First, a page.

Frank Oz: Part two

Frank Massey concludes his look back at his recent working trip to Australia

By Frank Massey |

Published:  15 July, 2020

I find it difficult to comprehend the events of the last month since returning from Australia. The temptation to write exclusively about Covid-19 and the effects on our industry was hard to resist. I have therefor directed my focus on positive issues, and continue to tell you what I learned during my trip.

The stopover in Hobart, Tasmania was brief. Before docking in Melbourne, I was able to climb Mount Wellington, which is over 1,000 metres tall. The temperature was near zero and visibility the length of your arm. It reminded me of Snowdon summit. The Captain then announced that the remaining cruise, scheduled to conclude in Singapore would be suspended and would prematurely end at Perth due to the Coronavirus outbreak. Majestic Princess is the sister ship to the one in lockdown at Yokahama, Japan. The third cruise liner was later in quarantined in San Francisco bay.

Two internal flights took me to Dubbo for the next to-day training session, the Australian Aftermarket Service Dealer Network (AASDN) group once again providing delegates from north-east Australia. I have the greatest respect for this network. Its membership includes the very best independent technicians all working together in a mutually respectful environment, something we in the UK need to reflect upon. They travel thousands of miles to attend training seminars, sharing an inter-group communication network to be proud of.

Genuine passion
Remarkably, they do not have access to manufacturer tools and repair data, and are currently fighting the federal government for the Right to Repair Bill. Does any of this sound familiar? Therefore, as it stands collaboration with dealerships for programming and component replacement is absolutely essential.

During my week-long stay, I had the opportunity to spend a day training a young technician at Pat Crowley Automotive. It is refreshing to meet young apprentices with a genuine passion for their career development. The final week of my tour bounced me back all the way to Perth.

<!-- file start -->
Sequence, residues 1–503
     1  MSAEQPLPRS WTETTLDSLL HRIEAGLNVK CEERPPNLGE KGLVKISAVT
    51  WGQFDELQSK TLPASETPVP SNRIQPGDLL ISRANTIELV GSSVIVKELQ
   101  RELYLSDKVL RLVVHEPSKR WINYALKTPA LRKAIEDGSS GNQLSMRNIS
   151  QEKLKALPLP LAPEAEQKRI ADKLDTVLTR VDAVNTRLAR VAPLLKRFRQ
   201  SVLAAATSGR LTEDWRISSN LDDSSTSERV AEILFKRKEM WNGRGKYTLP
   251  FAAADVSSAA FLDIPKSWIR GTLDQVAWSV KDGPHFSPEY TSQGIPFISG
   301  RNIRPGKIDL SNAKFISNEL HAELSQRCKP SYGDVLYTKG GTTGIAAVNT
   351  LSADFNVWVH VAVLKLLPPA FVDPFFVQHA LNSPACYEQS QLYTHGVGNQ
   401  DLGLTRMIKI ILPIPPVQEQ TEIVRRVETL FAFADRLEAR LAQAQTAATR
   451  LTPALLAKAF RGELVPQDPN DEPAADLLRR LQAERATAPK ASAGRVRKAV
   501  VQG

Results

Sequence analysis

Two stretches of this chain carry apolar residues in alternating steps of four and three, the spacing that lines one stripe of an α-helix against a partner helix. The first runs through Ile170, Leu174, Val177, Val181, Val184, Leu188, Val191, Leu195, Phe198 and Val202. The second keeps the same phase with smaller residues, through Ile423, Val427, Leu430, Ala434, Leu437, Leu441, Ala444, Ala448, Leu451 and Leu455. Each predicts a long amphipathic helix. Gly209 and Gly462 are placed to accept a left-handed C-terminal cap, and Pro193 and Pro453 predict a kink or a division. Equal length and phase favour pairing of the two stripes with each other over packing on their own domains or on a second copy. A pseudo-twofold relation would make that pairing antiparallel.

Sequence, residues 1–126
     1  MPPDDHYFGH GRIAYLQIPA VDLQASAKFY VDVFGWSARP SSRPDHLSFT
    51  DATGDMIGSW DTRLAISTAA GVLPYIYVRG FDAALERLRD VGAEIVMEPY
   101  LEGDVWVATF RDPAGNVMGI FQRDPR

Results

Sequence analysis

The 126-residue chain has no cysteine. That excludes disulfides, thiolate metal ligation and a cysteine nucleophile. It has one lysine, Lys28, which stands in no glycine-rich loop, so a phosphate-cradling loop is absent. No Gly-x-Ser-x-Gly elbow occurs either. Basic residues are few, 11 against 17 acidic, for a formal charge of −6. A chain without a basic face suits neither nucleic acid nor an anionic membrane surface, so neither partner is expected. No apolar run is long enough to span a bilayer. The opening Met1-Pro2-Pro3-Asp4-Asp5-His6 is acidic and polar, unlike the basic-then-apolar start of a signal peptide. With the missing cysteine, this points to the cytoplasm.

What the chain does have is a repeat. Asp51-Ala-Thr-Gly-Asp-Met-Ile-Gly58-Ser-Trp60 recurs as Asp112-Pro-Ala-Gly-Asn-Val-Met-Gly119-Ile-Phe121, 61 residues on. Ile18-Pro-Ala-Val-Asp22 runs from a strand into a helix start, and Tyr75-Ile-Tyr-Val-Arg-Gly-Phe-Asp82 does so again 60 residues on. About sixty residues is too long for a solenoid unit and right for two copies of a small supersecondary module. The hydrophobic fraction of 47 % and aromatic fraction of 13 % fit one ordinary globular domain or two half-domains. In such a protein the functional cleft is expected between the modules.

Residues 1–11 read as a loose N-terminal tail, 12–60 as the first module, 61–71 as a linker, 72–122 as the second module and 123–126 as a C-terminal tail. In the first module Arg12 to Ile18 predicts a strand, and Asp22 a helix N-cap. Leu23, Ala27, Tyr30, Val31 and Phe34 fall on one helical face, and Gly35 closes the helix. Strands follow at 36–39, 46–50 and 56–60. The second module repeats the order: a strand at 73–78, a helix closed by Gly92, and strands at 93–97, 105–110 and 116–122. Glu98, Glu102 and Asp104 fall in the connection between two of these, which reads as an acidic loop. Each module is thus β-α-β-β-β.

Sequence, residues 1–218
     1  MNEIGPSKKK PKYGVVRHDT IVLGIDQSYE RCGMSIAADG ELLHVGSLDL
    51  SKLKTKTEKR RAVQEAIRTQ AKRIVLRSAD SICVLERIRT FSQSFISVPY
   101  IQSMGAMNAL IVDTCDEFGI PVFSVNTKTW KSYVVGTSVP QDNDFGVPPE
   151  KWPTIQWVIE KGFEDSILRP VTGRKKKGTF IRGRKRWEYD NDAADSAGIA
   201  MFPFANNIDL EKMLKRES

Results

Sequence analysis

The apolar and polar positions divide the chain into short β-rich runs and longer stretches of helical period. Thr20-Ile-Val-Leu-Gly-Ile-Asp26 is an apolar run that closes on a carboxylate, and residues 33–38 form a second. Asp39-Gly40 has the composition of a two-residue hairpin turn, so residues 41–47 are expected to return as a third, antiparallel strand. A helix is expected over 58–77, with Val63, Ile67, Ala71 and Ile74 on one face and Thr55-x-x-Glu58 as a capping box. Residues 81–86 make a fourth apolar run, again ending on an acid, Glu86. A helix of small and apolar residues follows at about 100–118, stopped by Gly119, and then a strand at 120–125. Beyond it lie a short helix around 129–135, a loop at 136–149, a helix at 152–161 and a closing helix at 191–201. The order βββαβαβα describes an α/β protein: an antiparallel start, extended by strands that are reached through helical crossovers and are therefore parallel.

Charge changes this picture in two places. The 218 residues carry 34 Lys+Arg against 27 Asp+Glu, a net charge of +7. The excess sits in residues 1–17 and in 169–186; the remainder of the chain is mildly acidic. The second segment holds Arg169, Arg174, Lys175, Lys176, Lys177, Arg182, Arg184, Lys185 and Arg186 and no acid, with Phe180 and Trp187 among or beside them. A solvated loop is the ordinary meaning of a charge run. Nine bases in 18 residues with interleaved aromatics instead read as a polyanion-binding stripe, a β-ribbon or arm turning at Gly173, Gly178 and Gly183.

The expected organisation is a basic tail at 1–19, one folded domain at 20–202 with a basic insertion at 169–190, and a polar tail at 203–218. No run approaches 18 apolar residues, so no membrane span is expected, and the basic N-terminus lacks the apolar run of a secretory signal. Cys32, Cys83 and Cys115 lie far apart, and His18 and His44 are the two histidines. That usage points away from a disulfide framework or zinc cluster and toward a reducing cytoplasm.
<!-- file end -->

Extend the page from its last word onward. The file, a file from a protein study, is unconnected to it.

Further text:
I was introduced to entirely new AASDN group members as well as Capricorn. You may recall my comments regarding membership group benefits. Capricorn is the company based in Perth that provides the corporate veneer to group membership; everything from operation financing, legal services, health and welfare and managerial software. They also provide parts finance factoring, as opposed to parts supply. The individual members order parts from a variety of suppliers then settle a single invoice from Capricorn at the month end.

Their services also extend to unique access to corporate insurance, banking, legal services including, employment contract, leasing agreements and property law.

So, what have I gained from my second visit down under? Number one has to be a renewed friendship, one I value very much, an insight into how individual small businesses can co-exist in harmony within a competitive environment, and one which lacks a great deal of what we take for granted in the UK.

Despite having no emissions regulations whatsoever, the workshops I visited have an advanced understanding not only into the operational functions of Euro 5 and Euro 6 but in my opinion, a more advanced approach to service and repair options. Yes, I do mean that. There is no requirement for any vehicle to be subject to an emissions test.  Amazing isn’t it?

Despite this, and the fact that there are almost no Euro 6 vehicles in Australia, the diesel emission course was one of the most popular. Companies like Rincap Automotive not only import specialist ultrasonic baths from Spain but also high-quality OE DPFs from Wales. Not New South Wales, but the one separated by Offa’s Dyke.

Cat and Pipes provide OE replacement DPFs across the globe. Rincap owner Bryce also has fully grasped the initiative of recovering DPFs and EGR coolers in factory-controlled conditions. (See Fig.1 and Fig.2). That statement is intended to focus on current popular on car treatments in the UK which simply contribute pollution into the atmosphere or drainage systems .

Dig down
In Sydney, where land is more expensive than a divorce settlement, they build up or dig down, creating multi-storey workshops. To give an example, the main Audi dealership in Sydney is housed in a high street multi-storey complex.

So, this brings me to a confidence I have been carrying for some time, the Pico 4425A! This is a development from the current range of scopes but now including active probe inputs (See Fig.3 and Fig.4)

What are the advantages? Simply connect the input device to a channel and it will auto recognise it and select the appropriate scaling. You can conduct a circuit load test with the appropriate resistive lead supplied. The new version offers much better sensitivity at both higher and lower frequency ranges. The probes contain a small active amplifier close to the probe tip, thereby reducing the capacitance of the probe, often less than 2pf. This offers a much higher bandwidth.

We will be introducing a scope update training programme as soon as 4425A and Pico 7 become fully available. Please note the non-standard cases that can be provided for WH kits supplied by ADS.

My personal very best wishes, and best wishes from all at ADS. Keep well and look forward to the UK recovery with confidence.


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